Nevada Secretary of State Barbara K. Cegavske visited Battle Mountain High School last week to present the Helen J. Stewart award to the students, staff and administration.
BMHS is the only school in Northern Nevada to have achieved this honor since its inception in the 2016-17 school year.
The purpose of the Helen J. Stewart Award is to launch seniors from high school who are poised for civic participation in their community by encouraging voter registration among eligible Nevada high school students. The award was established by Cegavske and can be given annually to any Nevada high school that hits the requirements.
The Helen J. Stewart Award is presented to any Nevada high school that gets at least 85 percent of eligible students in the senior class registered to vote in Nevada. Battle Mountain had 86% in the senior class registered to vote.
In order to register to vote in Nevada, you must be a U.S. citizen, be at least 18 years old, and have continuously resided in Nevada at least 30 days in your county and 10 days in your precinct. Pre-registration is available to all 17-year-olds.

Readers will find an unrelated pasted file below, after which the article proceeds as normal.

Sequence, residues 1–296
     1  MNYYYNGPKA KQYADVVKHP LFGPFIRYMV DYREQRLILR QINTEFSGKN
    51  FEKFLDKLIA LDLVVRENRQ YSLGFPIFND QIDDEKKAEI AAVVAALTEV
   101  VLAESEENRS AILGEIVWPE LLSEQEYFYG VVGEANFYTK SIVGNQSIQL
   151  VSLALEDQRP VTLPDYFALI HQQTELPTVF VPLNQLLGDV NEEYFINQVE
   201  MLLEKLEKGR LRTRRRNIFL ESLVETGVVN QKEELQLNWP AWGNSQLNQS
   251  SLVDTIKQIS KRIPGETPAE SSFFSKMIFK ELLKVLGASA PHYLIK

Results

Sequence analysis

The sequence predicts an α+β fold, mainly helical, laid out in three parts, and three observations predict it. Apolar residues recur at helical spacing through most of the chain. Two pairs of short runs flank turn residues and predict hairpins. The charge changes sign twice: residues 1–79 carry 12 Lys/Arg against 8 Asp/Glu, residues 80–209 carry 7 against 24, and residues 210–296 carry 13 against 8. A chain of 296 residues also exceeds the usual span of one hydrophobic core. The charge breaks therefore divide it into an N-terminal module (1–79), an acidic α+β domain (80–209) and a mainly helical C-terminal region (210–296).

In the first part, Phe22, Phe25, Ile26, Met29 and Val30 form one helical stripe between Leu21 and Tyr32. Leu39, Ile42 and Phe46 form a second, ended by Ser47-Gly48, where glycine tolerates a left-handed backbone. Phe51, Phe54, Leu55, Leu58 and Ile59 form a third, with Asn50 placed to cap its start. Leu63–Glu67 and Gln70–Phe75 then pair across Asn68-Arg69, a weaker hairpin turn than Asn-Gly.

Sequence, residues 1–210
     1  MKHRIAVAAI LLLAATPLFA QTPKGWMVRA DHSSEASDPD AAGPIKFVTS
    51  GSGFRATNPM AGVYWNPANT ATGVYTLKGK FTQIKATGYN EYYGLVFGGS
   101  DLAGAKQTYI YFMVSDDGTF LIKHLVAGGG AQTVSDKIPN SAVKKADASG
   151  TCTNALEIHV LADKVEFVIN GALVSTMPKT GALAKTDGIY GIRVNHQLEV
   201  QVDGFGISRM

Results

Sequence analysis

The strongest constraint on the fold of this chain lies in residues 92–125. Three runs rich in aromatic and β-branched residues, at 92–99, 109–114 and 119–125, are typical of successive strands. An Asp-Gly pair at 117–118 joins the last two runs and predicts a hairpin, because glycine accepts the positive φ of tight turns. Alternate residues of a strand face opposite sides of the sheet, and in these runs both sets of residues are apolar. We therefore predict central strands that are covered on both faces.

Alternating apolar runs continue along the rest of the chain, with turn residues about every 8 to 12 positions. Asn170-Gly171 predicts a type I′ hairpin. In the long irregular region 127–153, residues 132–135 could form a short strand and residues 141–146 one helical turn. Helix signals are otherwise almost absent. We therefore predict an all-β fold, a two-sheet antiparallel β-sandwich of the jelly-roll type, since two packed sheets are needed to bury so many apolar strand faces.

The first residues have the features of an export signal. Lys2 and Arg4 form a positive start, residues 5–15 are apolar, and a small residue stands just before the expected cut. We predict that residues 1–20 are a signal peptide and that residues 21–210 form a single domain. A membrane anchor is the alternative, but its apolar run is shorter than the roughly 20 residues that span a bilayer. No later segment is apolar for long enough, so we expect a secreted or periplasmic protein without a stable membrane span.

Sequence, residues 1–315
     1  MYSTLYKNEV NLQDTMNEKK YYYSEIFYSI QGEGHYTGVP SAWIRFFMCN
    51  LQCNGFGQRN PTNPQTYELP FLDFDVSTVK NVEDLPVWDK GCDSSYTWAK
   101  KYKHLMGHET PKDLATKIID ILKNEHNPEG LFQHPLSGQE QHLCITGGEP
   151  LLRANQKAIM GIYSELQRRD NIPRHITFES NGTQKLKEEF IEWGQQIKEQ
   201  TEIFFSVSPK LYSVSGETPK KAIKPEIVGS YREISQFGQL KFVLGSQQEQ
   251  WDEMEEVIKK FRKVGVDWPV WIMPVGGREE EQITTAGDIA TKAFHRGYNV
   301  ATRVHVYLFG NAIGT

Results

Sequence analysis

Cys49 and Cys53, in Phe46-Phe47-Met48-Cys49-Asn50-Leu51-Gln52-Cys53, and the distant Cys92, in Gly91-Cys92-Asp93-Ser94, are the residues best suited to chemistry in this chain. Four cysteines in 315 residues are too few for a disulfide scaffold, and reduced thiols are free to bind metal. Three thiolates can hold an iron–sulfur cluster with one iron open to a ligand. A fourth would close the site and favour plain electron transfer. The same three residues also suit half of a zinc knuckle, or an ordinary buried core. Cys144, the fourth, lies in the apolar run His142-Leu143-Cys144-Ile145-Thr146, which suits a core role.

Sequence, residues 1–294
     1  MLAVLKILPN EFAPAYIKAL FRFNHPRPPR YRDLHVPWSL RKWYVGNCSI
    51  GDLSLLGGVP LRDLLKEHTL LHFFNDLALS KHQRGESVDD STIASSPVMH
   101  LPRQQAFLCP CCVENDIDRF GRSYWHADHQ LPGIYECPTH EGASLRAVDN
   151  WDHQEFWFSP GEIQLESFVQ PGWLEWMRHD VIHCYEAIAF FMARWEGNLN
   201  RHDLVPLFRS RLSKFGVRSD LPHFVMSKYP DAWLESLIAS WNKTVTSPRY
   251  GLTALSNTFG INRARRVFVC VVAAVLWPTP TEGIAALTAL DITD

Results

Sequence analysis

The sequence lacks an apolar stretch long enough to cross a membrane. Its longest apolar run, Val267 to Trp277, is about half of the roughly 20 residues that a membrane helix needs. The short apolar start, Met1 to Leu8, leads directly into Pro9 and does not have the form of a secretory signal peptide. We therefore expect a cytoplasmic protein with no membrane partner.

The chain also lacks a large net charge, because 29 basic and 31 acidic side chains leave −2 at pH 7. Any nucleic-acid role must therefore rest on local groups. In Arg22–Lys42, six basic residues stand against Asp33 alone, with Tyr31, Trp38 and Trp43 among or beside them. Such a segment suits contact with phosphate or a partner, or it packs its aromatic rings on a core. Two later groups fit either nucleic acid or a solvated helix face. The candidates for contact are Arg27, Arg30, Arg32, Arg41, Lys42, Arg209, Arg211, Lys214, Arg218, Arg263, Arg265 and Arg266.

Those who are pre-registered to vote will automatically be registered to vote on their 18th birthday. Individuals with a felony conviction can register to vote as long as they are not currently serving a term of imprisonment for a felony conviction.
Helen J. Stewart married and moved to Nevada in 1873 from California and resided with her husband and three children in the Pioche, Nevada area.
In 1882, Helen moved with her husband and children to the Las Vegas Valley to take possession of the Las Vegas Ranch. Two more children were born in the Las Vegas Valley.
Stewart operated the ranch after the death of her husband in 1884. She became the first woman elected to the Clark County School District’s Board of Trustees in 1916. She donated land in 1922 for the Las Vegas Grammar School, which became the first public school attended by Native American students from the Southern Paiute Indian Colony. The building still stands and was added to the National Register of Historic Places in 1979.
“The future is in the palm of hands, every time we go to the ballot, whether it’s in a week or 30 years down the road,” said BMHS student Aydan Samuelson to his fellow classmates during an assembly last week. “No matter what party you identify with, if any, your opinions need to be heard. You may be sitting and thinking that your vote won’t make a difference but adding up every individual who believes on a cause can turn into millions of supporters. As the next generation of this country, we have a responsibility to show up and vote. Young people have the smallest turnout when it comes to voting but we can change that. What you may consider irrelevant or unnecessary now could end up having a bigger impact on your future than you think.”